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REVIEW: Pulp live at Motorpoint Arena, Sheffield – 8/12/12

Pulp will play at Sheffield Motorpoint Arena on Saturday 8th December

Pulp will play at Sheffield Motorpoint Arena on Saturday 8th December

REPORTER Andrew Trendell went to see Pulp’s homecoming show in Sheffield.

“You know you’re missing the X Factor final?” jokes Jarvis Cocker as he manoeuvres his spindly frame across a stage strewn with Andrex.

They handed it out in homage to their early days 32 years ago when toilet paper was a low-budget alternative to pyrotechnics and a light show. That all-singing, all-dancing reality show of shallow karaoke is an ugly side of culture that’s developed diarrhoea – now Pulp are back to hand out the bog roll.

This is proper pop music – made in Sheffield.

“Sorry it took us so long,” says Cocker, “but we’ve saved the best for last.”

Not only is tonight Pulp’s first hometown gig in 10 years, but it’s their last UK show for the foreseeable future . Straight from the off with Do You Remember The First Time, Pulp are hell-bent on making every moment count.

The sense of occasion is not lost on anyone. Like so, so many comebacks and reformations, tonight ran the risk of falling into a naff pantomime of nostalgia. Instead we’re treated to a masterful celebration, delivered and received with religious fervour.

“They’ve filled that fountain in now,” recounts Jarvis in reference to Disco 2000, constantly mapping their impeccable catalogue of hits onto the Sheffield landscape. Pulp couldn’t have come from anywhere else – and they give the love back around here.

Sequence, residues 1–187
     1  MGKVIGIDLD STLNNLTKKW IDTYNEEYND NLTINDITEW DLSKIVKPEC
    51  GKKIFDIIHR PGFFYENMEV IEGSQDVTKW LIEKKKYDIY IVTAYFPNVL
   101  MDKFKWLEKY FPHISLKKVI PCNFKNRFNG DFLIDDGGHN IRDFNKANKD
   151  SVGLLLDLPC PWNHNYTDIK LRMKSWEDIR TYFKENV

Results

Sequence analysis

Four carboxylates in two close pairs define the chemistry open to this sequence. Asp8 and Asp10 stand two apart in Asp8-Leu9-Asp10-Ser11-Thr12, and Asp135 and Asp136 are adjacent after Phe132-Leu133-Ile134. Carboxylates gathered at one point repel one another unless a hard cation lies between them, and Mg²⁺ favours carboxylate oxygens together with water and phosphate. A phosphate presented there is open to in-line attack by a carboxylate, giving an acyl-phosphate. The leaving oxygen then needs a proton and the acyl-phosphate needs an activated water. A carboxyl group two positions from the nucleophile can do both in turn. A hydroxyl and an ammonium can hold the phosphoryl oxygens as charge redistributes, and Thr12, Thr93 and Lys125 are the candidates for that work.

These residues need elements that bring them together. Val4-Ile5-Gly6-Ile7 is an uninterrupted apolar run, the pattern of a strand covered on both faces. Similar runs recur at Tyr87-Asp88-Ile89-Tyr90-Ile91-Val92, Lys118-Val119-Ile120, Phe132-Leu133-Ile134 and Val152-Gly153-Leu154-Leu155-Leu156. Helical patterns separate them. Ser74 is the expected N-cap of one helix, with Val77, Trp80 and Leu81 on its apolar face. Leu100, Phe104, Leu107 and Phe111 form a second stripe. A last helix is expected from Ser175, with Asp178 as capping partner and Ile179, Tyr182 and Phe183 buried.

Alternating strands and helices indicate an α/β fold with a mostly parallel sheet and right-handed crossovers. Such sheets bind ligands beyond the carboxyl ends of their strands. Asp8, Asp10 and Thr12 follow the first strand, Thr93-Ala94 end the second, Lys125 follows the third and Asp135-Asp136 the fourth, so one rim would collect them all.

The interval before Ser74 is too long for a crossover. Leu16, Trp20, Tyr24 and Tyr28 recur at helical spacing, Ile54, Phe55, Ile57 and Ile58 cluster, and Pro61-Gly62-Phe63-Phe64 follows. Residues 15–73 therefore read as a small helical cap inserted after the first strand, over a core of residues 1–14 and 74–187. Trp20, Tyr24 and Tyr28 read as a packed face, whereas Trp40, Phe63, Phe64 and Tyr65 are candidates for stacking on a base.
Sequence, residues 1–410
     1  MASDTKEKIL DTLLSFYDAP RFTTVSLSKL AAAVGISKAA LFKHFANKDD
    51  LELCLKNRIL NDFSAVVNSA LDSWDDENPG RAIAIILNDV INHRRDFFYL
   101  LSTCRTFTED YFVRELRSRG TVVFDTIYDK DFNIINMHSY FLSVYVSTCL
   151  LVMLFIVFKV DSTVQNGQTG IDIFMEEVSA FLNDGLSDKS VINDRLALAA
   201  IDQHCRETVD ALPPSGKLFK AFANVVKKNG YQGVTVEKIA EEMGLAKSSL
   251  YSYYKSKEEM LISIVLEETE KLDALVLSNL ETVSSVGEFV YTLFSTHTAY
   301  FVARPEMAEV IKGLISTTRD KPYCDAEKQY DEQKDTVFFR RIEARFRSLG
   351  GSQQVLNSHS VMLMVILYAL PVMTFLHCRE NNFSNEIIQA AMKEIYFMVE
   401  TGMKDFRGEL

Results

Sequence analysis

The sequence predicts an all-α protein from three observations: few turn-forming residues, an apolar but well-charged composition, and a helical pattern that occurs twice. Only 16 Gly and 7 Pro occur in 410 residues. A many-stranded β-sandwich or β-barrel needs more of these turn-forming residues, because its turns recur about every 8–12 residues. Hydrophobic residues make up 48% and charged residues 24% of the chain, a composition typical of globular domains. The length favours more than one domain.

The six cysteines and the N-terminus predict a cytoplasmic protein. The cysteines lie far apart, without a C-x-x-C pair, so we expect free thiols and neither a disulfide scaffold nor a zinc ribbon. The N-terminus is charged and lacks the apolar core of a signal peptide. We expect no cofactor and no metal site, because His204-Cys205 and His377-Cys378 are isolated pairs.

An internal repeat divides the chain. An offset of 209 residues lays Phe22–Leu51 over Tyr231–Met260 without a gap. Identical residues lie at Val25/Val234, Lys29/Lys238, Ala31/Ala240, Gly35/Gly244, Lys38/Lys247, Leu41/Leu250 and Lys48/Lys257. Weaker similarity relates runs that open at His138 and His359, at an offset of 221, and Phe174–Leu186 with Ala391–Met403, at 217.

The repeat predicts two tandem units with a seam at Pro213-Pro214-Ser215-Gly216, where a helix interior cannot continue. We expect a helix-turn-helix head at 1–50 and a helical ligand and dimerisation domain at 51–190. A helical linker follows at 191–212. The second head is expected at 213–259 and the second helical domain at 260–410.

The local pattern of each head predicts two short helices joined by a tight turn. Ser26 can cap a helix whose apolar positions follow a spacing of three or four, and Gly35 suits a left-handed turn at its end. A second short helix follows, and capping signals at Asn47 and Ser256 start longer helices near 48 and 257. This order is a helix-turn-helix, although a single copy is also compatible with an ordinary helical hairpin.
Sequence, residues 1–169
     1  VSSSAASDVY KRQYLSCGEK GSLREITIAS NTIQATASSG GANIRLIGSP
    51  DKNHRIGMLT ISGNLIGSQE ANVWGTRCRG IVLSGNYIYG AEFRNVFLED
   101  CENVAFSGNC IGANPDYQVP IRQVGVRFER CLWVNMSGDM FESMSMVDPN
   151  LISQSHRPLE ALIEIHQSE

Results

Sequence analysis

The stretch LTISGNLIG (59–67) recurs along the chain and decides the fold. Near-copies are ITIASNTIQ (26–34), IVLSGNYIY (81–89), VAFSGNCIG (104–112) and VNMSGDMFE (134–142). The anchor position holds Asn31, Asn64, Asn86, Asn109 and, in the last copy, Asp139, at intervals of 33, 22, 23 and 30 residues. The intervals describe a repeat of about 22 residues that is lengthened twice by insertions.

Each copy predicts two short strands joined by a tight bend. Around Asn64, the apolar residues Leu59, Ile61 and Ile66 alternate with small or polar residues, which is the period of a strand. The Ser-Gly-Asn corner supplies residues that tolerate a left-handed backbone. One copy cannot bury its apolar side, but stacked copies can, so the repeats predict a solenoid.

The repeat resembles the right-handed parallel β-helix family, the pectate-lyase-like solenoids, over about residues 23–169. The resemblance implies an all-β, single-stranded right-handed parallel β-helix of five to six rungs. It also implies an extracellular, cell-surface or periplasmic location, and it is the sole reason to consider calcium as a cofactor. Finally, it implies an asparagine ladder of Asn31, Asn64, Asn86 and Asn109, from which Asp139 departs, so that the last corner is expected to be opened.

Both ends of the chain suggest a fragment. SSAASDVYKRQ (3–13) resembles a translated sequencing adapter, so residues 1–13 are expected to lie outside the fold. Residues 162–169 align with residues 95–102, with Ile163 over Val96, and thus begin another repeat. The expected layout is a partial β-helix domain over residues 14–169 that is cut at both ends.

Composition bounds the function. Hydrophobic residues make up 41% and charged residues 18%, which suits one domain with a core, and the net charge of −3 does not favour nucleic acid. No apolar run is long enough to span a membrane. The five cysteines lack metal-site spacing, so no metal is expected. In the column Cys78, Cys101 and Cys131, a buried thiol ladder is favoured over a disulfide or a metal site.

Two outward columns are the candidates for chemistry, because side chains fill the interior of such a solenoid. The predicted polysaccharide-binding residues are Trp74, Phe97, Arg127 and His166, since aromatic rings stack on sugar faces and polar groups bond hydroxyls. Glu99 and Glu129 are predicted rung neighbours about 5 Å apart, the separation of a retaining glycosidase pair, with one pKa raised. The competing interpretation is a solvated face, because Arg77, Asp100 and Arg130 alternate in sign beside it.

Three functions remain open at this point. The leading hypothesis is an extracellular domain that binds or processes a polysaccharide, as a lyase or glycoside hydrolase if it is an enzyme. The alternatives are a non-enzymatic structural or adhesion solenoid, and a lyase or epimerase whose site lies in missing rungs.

We’re treated to a smattering of old school obscurities from Pulp’s days as unknown freaks in the 80s and early 90s before the disco funk jam of Countdown storms into an epic outing of Babies.

Of course, it just wouldn’t be a celebration of all things Sheffield without wheeling out fellow local icon Richard Hawley. The Don of the Don joins his former band for a delightfully menacing rendition of This Is Hardcore and underrated gem Sunrise before reaching the behemoth crescendo of Common People.

Returning for yet more irrepressible banter and a five song encore, you’re struck by how many immaculate indie staples this one band are responsible for. How have we lived with them?

As white ticker tape rains down and boozy Northerners sway along to Something Changed, it seems less like Christmas came early and more like they all came at once.

For tonight at least, the People’s Republic of South Yorkshire feels like the centre of the universe – and Pulp are the masters of it. Let’s pray we’ve not seen the last of them.

By Andrew Trendell

 

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